It is preferable in this invention that the frequency of the ultrasonic waves are in a range of 1 to 1,000 kHz.

It is preferable in this invention that the molecular ends of the chemical adsorbing material comprising at least one member selected from a group consisting of a halogenated silyl (--SiX) group, a halogenated titanyl (--TiX) group, a halogenated stannyl (--SnX) group, a lower-alkoxysilyl (--SiOR) group, a lower-alkoxytitanyl (--TiOR) group and a lower-alkoxytitanyl (--SnOR) group, where X represents chlorine, bromine, fluorine or iodine and R represents a C1 -C6 alkyl group.

It is preferable in this invention that the chemical adsorbing material comprises an end functional chlorosilyl (--SiCl) group and a fluorine group.

It is preferable in this invention that the concentration of the chemical adsorbing material in the non-aqueous organic solvent is in a range of 10-4 to 10-1 mol/l.

It is preferable in this invention that the substrate comprises material selected from the group consisting of glass, metal, ceramic, plastic and semiconductor etc.

It is preferable in this invention that the substrate is an oxidation treated plastic substrate.

According to the invention, a highly concentrated chemically adsorbed monomoleclar and/or polymer film can be formed more efficiently on the substrate surface. This is achieved by a step B among steps A to C which increases the probability of reaction of a chemical adsorbing material having active hydrogen groups, such as hydroxyl groups or imino groups, on the substrate surface by using ultrasonic waves. In addition, the probability of reaction of any non-adsorbed active hydrogen groups remaining on the substrate can be increased by giving vibrations to the already preferentially adsorbed single molecules. According to the invention, by using a chemical adsorption method, a hydrophobic film with a very thickness of the nanometer level and uniformity can be formed on the surface of a substrate without spoiling gloss and transparency thereof. Thus, it is posible to provide a substrate, which is highly hydrophobic, oil-phobic, substantially pin hole free, heat resistant property, durability property and contamination free. In the subsequent step C, the unreated chemical adsorbing material is washed away using a non-aqueous organic solution. Thus, a monomolecular film having a uniform thickness can be obtained in a short time.

Further, in a preferred mode of the invention, ultrasonic waves are applied to the organic solvent in the step C as well, such that non-reacted chemical adsorbing material can be efficiently washed away.

Further, if the frequency of the ultrasonic waves are in a range of 1 to 1,000 kHz, preferably in a range of 25 to 50 kHz, in the step B, the chemical adsorbing material may be efficiently brought into contact with the substrate surface for reaction. This also applies to step C wherein chemical adsorbing material may be efficiently washed away.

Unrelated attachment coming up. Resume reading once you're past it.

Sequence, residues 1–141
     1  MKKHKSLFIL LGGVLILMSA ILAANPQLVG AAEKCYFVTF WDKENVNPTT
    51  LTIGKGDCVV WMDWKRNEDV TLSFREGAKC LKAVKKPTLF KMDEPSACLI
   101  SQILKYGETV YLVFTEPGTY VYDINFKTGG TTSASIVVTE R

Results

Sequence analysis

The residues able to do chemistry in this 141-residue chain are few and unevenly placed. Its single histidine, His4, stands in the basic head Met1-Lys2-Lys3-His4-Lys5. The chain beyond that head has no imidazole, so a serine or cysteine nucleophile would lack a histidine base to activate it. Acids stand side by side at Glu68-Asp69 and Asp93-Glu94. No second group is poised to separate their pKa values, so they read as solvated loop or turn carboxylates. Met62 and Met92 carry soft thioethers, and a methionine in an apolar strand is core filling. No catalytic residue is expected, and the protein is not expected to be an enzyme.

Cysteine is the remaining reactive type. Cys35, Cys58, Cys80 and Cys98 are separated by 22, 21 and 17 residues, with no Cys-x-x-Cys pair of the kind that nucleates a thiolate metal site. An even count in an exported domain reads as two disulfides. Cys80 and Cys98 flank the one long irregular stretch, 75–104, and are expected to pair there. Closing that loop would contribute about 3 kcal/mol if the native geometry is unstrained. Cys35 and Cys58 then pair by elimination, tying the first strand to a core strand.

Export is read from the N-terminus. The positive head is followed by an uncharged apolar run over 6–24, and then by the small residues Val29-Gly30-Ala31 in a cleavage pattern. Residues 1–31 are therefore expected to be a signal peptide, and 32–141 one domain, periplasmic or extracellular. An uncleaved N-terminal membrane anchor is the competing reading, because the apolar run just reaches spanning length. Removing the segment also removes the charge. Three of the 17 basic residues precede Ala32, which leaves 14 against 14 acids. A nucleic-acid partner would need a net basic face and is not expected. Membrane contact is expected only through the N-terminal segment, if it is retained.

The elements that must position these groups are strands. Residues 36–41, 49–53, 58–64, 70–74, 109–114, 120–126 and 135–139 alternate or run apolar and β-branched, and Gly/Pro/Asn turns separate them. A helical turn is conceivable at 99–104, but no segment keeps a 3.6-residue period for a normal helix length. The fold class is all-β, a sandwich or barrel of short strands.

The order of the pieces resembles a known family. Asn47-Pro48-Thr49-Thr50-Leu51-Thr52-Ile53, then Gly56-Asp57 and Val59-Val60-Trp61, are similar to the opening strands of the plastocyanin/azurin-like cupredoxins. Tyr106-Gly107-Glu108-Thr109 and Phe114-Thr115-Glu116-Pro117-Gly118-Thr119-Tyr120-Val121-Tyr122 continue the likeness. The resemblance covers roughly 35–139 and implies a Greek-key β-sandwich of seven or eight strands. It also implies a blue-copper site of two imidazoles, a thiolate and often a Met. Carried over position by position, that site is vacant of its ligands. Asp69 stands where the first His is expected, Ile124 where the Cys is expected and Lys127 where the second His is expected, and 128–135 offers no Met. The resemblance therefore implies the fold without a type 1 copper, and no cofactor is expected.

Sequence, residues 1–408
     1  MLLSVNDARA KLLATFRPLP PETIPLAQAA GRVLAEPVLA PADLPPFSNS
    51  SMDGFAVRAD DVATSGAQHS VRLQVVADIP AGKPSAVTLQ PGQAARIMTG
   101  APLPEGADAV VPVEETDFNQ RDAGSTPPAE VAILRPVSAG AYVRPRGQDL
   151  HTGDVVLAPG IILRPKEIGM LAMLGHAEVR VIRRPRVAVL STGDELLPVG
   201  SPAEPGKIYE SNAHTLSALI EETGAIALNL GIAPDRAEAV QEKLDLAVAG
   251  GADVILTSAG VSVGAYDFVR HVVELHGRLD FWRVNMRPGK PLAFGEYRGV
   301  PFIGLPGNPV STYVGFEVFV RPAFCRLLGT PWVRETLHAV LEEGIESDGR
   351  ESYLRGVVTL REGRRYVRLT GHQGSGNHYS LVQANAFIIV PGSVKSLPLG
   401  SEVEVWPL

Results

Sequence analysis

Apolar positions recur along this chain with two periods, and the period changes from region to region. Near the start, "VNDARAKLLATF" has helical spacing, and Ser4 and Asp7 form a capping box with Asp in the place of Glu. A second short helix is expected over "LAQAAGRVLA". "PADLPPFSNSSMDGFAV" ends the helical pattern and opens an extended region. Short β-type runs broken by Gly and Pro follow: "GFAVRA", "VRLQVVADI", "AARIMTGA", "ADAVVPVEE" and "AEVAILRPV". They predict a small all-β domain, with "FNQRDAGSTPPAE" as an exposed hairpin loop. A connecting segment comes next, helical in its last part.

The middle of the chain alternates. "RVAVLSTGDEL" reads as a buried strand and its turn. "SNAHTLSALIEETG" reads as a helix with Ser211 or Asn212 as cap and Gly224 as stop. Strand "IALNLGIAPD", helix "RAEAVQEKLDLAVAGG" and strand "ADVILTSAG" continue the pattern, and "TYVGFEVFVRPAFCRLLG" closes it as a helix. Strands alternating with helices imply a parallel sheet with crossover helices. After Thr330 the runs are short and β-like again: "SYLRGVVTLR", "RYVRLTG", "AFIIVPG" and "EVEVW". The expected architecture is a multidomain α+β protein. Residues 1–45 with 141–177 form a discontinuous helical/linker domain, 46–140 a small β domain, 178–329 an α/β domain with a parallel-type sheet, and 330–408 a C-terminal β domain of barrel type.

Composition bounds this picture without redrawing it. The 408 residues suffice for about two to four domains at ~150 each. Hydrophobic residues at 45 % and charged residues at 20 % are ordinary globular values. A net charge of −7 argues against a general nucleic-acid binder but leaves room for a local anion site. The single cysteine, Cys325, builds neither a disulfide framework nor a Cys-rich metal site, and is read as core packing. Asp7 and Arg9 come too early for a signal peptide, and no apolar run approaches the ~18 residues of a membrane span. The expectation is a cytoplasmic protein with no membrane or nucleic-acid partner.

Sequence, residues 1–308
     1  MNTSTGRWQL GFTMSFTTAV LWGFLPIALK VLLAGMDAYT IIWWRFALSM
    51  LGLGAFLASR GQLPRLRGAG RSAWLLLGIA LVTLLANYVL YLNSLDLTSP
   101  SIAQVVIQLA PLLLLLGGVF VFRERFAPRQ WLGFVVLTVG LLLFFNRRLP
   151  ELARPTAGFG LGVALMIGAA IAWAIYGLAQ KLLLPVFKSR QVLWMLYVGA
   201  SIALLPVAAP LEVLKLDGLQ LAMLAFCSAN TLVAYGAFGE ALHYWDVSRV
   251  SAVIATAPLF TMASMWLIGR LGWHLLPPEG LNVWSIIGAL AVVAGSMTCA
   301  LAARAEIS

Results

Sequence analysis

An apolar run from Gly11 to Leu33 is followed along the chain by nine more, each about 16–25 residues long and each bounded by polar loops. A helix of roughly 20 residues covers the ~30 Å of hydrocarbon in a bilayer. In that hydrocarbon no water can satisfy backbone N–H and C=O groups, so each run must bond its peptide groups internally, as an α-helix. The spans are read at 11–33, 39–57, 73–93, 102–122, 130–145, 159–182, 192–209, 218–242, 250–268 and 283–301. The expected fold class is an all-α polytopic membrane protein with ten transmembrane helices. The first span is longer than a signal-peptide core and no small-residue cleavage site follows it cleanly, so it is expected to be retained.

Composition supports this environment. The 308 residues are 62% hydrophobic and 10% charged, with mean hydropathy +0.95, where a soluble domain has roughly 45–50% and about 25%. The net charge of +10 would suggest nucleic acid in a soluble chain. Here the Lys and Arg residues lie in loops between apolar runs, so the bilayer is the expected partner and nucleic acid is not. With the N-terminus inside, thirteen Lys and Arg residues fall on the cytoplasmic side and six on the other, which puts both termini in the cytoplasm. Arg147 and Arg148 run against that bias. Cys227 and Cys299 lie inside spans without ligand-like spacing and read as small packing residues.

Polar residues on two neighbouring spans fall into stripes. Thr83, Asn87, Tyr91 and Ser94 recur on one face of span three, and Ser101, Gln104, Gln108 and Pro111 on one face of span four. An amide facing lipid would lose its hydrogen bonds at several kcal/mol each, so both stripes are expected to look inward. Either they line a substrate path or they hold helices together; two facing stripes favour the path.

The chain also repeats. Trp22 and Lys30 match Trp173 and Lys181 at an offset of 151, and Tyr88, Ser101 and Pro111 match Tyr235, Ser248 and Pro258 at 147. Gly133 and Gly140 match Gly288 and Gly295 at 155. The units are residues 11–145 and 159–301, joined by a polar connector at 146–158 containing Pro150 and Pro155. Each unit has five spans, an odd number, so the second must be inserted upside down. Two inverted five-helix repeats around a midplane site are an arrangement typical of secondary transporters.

According to the second invention step (a) to (d), a cemically adsorbed polymer film is formed onto the substrate.

The chemical adsorbing material may be suitably used, in which one molecular end comprises at least one member selected from the group consisting of halogenated silyl group (--SiX), a halogenated titanyl group (--TiX), a halogenated stannyl group (--SnX), a lower-alkoxysilyl group (--SiOR) and a lower-alkoxystannyl (--TiOR) group, where X represents Cl, Br, F or I and R represents a C1 -C6 alkyl group. For imparting water-repelling, oil-repelling, anti-fogging, anti-contaminating, durability and various other properties, the chemical adsorbing material to be used is suitably a compound having at one molecular end a chlorosilyl group (--SiCl) and at another molecular in a fluorine group. Further, by providing a conjugate unsaturated bond to one end of the chemical adsorbing material molecule for polymerizing the chemically adsorbed single molecules to form conjugate unsaturated bonds, it is possible to form a monomolecular film of this nature has various functions such as in electric conductivity.

According to the invention, the concentration of the chemical adsorbing material in the non-aqueous organic solvent is suitably in a range of 10-4 to 10-1 mol/l. In this range of concentration, a monomolecular and/or polymer film can be formed efficiently.

According to the invention, the substrate may be of any material. However, the material is suitably selected from glass, metal, ceramic, plastic and semiconductor etc. Likewise, according to the invention it is suitable to use plastic substrates, the surface of which has been oxidation treated.

BRIEF DESCRIPTION OF THE DRAWINGS

FIG. 1 is a schematic view showing the end of an adsorption step in one embodiment of the invention;

FIG. 2 is a schematic view showing an adsorption solution in one embodiment of the invention;

FIG. 3 is a schematic view showing an adsorption step in one embodiment of the invention; and

FIG. 4 is a view showing the relation between the adsorption time and the amount of adsorption in one embodiment of the invention.

DETAILED DESCRIPTION OF THE INVENTION

The principle of manufacture of the chemically adsorbed film according to the invention resides in the formation of a monomolecular and/or polymer film by utilizing the reaction between an active hydrogen group such as a hydroxyl group (--OH), an amino group (--NH2), an imino group (═NH), on the substrate surface, and a functional group, such as a chlorosilyl group, at one end of the molecule to be adsorbed. The rate of formation of the adsorbed film and the saturated adsorption of the film molecules are greatly affected by the concentration of the adsorbed material, the temperature at the adsorption, the speed of reaction between the substrate surface and the adsorption molecules, the shape of the adsorption molecules, the number of hydroxyl groups on the substrate surface, the state of the substrate surface and so forth.